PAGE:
The MA program is normally completed in two or three years of full-time study or four years of part-time study. Required courses are Proseminar, Survey of Decorative Arts 1 and 2, and an elective in either museology or art theory. Students declare major and minor areas of concentration for the MA examination after completing 24 credits; those with a 3.5 minimum grade point average can petition to write a master's thesis. Students are taught in English but must pass a proficiency exam in French and maintain a 3.0 cumulative grade point average to graduate. A maximum of 6 credits of graduate-level coursework can be transferred from another accredited institution.
For a complete listing of courses and course descriptions, visit the university course catalog.
First SemesterProseminar equips students with the skills required for scholarship in the history of decorative arts. Class discussions introduce a range of methodologies and critical approaches. Exercises train students in essential tasks such as conducting formal analyses, writing catalog entries, and making visual presentations. This writing-intensive course stresses the mechanics of expository writing through projects that require students to conduct research. Each student selects one work from the Cooper-Hewitt collection to study throughout the semester.
Survey of Decorative Arts I provides an overview of European decorative arts from the 15th through the 18th century, with a focus on Italy, France, and England. Discussions address the style, function, and meaning of the decorative arts in both ceremonies and daily life. Drawing on interdisciplinary readings, the class considers objects and ornament within their cultural, political, and social contexts. As the semester progresses, students explore the way the transmission of style, the migration of craftsmen, and the availability of new materials and techniques gave rise to an international vocabulary of design.
Second SemesterSurvey of Decorative Arts II examines the decorative arts from the 19th century to the present. Sessions on the 19th century consider neoclassicism, revival styles, the Aesthetic movement, the Arts and Crafts movement, and art nouveau within the broader history of the period. Individual craftsmen, firms, and important style makers and commentators on the decorative arts are discussed, as is the effect of industrialization on design and objects. Sessions on the 20th and 21st centuries address modernism and industrial design. Topics include the Wiener Werkstätte, Bauhaus, art moderne, "good design," and postmodernism.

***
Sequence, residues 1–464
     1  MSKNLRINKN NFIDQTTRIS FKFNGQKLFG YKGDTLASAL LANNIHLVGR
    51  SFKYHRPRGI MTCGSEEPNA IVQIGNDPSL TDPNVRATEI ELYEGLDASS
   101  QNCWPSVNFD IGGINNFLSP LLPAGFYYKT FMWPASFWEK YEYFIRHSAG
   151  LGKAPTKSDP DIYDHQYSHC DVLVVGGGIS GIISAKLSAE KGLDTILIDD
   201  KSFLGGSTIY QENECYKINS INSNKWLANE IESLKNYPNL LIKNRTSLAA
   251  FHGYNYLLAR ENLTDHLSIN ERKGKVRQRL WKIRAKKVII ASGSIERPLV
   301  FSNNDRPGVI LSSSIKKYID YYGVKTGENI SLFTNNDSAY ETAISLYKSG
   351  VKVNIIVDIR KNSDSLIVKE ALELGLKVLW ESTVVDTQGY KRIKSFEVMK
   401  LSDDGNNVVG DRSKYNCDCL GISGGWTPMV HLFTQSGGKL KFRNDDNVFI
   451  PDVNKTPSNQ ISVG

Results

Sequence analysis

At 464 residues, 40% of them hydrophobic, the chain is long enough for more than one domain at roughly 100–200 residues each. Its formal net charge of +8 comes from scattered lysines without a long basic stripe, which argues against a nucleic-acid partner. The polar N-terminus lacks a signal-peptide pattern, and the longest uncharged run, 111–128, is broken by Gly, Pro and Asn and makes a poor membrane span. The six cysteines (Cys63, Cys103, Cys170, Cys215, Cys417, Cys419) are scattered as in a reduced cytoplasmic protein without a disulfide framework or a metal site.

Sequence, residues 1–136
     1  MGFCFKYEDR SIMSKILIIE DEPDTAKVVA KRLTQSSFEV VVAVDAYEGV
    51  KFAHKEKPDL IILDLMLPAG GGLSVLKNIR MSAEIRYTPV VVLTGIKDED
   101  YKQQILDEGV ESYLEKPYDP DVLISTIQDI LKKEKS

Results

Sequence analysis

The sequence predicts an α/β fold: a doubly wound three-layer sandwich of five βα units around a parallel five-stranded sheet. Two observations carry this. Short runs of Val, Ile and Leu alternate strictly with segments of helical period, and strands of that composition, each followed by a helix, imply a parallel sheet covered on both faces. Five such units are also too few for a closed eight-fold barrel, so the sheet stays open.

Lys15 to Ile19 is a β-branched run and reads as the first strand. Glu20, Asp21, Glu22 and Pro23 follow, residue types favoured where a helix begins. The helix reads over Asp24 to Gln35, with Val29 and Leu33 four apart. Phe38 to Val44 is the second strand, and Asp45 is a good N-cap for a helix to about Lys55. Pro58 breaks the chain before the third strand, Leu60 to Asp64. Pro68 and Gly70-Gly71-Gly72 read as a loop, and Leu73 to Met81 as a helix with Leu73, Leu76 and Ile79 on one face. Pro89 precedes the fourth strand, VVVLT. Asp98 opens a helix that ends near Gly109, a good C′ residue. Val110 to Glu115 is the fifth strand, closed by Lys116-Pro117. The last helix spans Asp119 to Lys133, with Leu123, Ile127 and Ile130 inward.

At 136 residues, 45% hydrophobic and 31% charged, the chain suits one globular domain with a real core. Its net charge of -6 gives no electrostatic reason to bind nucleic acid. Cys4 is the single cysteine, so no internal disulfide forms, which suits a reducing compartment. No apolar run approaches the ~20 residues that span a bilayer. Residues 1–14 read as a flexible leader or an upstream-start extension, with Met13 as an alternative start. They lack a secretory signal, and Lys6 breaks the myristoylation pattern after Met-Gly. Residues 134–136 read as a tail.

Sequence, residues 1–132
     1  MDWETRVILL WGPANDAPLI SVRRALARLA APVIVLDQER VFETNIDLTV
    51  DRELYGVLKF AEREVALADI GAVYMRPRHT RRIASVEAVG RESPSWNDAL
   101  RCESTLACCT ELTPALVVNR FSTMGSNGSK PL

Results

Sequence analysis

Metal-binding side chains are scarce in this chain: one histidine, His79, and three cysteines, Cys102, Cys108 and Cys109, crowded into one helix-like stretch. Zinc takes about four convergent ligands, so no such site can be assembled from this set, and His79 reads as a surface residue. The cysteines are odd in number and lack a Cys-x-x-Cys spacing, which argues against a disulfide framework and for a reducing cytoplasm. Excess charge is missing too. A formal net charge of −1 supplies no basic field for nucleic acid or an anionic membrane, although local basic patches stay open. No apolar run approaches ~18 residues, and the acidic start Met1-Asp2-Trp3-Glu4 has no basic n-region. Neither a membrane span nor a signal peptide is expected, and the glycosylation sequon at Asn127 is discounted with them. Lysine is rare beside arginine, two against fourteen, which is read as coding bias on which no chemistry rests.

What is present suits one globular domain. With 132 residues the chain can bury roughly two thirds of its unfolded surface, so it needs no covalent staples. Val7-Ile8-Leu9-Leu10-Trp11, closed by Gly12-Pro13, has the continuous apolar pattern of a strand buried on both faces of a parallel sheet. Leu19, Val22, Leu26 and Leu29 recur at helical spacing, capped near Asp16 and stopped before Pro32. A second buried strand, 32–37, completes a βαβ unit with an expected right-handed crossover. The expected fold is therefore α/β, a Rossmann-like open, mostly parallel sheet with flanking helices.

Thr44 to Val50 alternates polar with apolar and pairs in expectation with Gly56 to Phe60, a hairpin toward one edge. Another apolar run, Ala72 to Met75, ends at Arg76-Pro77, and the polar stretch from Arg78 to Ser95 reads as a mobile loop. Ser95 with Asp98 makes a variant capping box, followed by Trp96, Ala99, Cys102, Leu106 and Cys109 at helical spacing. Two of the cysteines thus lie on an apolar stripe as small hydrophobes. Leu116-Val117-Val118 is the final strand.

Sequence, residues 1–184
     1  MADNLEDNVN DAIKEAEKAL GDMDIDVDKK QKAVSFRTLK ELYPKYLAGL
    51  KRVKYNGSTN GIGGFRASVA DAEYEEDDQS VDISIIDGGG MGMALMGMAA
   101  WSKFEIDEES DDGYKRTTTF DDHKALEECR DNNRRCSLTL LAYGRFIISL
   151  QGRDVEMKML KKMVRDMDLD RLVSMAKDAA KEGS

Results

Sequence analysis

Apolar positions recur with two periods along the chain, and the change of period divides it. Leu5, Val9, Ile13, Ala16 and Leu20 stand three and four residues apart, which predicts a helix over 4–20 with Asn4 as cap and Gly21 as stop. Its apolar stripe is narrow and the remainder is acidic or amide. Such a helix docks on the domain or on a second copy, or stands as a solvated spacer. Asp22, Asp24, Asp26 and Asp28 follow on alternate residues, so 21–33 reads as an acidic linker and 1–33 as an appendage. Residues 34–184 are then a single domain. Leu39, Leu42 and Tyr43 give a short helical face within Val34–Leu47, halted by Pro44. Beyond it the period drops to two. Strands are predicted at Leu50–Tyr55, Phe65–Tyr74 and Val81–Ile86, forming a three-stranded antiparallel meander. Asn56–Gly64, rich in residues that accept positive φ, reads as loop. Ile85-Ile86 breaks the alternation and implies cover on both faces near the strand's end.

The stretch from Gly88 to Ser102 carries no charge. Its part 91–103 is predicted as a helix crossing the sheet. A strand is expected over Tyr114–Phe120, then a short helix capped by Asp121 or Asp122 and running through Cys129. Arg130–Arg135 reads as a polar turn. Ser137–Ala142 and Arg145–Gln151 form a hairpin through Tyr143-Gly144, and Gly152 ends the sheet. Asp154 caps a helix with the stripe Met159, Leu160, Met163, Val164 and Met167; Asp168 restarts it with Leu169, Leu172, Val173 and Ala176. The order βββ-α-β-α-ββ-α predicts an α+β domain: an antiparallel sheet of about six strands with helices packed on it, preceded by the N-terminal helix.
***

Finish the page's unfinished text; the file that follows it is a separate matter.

Transdisciplinary Approaches in History and Theory of Arts, Decorative Arts, and Design Students can elect to take a suite of courses in the History and Theory of Arts, Design, and Decorative Arts. These explore themes in visual and material culture and critical theory of culture, with a focus on the French and Parisian sphere. The curriculum is enriched by its connection to the collections of the Musée des Arts Décoratifs. Curatorial Studies and PracticesA sequence of three courses on various aspects of curating is also offered: History of Collections and Museums (considered through the many museums and collections of Paris), Curating Immaterial Objects (in collaboration with the AMT program of Parsons Paris), and Displaying Sartorial Objects (in collaboration with the Fashion program at Parsons Paris).